Part 8. Advanced examples
Below is a set of examples showing how different rendering settings and embedded functions for advanced structure analysis can be used for comprehensive protein structure/function annotation.
Example 1 - Protein interface analysis
Images below illustrate several specific examples of structure rendering and annotation, using a protein complex of an antibody bound to an antigen derived from Syrian hamster prion protein (PDB id 1cu4). As can be seen from the images, all protein chains can be rendered using different models, including available surface representations (see panels A−D). We furthermore illustrate various structural annotations that can be automatically generated and displayed, including the identification of interacting residues within the complex (panels B and G), distribution of amino acid properties, such as hydrophobicity (panel C) or acidity (panel D), amino acids conservation scores (panels E and F), or putative interacting sites predicted by the SPPIDER server (panel H).
In regard to the latter, we would like to comment that the immunoglobulin complex presented in this example involves two types of interaction interfaces: an obligatory (or permanent) dimerization interface, and a transient epitope-binding interface (circled at panel B). The analysis of the surface of one of the chains reveals a hydrophobic nature of obligatory interface, whereas transient interface has no specific pattern. One can also clearly see that parts of the protein surface that are involved in permanent interactions with the light chain (chain L in 1cu4) tend to be evolutionary conserved, while the interface with an antigen is highly variable, which is consistent with epitope binding.
Consequently, servers that rely on identification of evolutionary conserved and surface exposed residues to suggest functional hot spots, such as ConSurf, are likely to miss the antigen-binding interface. On the other hand, methods that utilize other structural features, including SPPIDER which used here, may be able to identify putative interaction sites even when there is no clear conservation pattern. At the same time, however, induced fit and dependence on structural details may result in lower accuracy in other cases. Therefore, contrasting the results of multiple approaches is likely to increase the confidence in predictions. Using POLYVIEW-3D greatly facilitates such comparative analysis.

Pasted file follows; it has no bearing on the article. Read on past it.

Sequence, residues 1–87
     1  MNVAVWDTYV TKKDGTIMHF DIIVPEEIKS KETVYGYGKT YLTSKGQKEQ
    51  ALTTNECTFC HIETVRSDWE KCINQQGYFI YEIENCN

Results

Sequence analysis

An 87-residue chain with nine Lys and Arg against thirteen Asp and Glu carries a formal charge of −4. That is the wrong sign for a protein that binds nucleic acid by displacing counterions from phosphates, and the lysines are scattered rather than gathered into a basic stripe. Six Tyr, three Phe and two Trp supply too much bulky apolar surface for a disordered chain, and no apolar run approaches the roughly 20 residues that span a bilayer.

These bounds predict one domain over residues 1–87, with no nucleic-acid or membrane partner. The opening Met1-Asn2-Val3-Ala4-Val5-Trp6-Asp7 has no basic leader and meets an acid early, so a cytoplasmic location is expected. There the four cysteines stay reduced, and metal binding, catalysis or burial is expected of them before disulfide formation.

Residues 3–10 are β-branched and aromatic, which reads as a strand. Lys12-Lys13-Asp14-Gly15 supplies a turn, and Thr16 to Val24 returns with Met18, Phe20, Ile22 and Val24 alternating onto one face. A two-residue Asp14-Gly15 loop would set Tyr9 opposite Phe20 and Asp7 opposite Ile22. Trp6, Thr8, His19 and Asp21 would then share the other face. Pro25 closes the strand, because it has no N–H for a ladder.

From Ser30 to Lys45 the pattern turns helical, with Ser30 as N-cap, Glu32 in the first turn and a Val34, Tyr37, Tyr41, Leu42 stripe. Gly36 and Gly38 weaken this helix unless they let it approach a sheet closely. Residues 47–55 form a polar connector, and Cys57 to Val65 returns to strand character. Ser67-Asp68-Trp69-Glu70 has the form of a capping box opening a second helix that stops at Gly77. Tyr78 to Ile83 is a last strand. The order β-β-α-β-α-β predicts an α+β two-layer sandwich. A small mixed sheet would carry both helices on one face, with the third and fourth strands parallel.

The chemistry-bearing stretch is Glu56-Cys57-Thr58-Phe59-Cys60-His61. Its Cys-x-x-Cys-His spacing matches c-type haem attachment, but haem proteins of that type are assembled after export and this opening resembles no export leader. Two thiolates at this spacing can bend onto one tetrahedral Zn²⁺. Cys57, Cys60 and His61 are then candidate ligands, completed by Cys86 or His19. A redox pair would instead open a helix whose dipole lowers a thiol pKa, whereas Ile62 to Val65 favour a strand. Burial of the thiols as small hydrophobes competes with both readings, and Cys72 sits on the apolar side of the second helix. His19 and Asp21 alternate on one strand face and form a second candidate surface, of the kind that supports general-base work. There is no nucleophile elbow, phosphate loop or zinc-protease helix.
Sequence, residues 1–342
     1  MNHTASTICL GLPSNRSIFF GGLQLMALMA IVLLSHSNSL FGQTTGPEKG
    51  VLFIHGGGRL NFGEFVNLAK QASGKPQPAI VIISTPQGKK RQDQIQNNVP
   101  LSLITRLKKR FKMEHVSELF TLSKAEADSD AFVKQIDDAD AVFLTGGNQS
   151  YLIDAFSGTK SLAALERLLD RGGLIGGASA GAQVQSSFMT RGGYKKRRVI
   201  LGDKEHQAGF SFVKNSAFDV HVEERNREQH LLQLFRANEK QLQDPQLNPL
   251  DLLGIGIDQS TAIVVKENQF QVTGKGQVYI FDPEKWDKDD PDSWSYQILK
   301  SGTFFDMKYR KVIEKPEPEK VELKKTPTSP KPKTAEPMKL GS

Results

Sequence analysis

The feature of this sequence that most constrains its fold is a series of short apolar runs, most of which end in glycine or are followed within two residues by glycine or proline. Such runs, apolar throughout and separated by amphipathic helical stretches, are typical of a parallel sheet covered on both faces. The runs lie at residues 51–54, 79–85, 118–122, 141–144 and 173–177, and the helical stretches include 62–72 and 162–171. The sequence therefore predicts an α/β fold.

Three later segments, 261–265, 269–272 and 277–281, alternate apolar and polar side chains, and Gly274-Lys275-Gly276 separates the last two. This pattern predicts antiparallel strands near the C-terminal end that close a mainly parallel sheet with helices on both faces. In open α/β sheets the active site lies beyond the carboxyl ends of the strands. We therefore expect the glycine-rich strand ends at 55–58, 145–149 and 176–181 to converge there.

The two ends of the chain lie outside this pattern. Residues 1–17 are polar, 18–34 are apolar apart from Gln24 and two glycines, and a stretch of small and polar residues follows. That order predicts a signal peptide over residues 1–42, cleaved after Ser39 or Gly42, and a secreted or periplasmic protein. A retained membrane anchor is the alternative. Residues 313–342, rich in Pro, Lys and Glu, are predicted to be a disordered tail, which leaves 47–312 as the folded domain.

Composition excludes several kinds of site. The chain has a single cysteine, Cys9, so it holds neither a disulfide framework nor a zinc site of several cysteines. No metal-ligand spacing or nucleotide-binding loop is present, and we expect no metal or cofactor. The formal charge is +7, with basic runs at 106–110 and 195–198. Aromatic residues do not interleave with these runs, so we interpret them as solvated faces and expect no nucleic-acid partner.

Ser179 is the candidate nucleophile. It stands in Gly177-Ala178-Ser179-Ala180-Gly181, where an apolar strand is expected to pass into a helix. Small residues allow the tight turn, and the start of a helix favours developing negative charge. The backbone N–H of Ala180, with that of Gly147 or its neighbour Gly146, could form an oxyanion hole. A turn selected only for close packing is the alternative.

Example 2 - Protein docking analysis
In this example, we illustrate how POLYVIEW-3D server can be used for protein structure analysis in the context of protein-protein interactions. In particular, we show several specific examples of structure rendering and annotation for a homodimeric complex of regulatory units of the transcriptional antiterminator protein LicT, which regulates the expression of Bacillus subtilis operons involved in beta-glucoside metabolism.
The regulatory units of LicT consist of two five helical bundle domains called PRD1 and PRD2, which adopt dramatically different relative orientations in inactive and active forms of the protein (PDB ids 1tlv, 1h99, respectively). In the activated state, each PRD forms a dimeric unit with its counterpart in the other chain, burying, at the dimer interface, phosphorylation sites that are critical for regulation (conserved histidine residues). In the inactive state, a wide swing movement of PRD2 results in partial opening of the dimer, making the phosphorylation sites accessible on the protein surface. This inactive form of the dimer, with essentially only PRD1 and PRD1' domains involved in the formation of the interaction interface, was used in the CAPRI assessment as target #9, and is shown here in the figure below, panel A.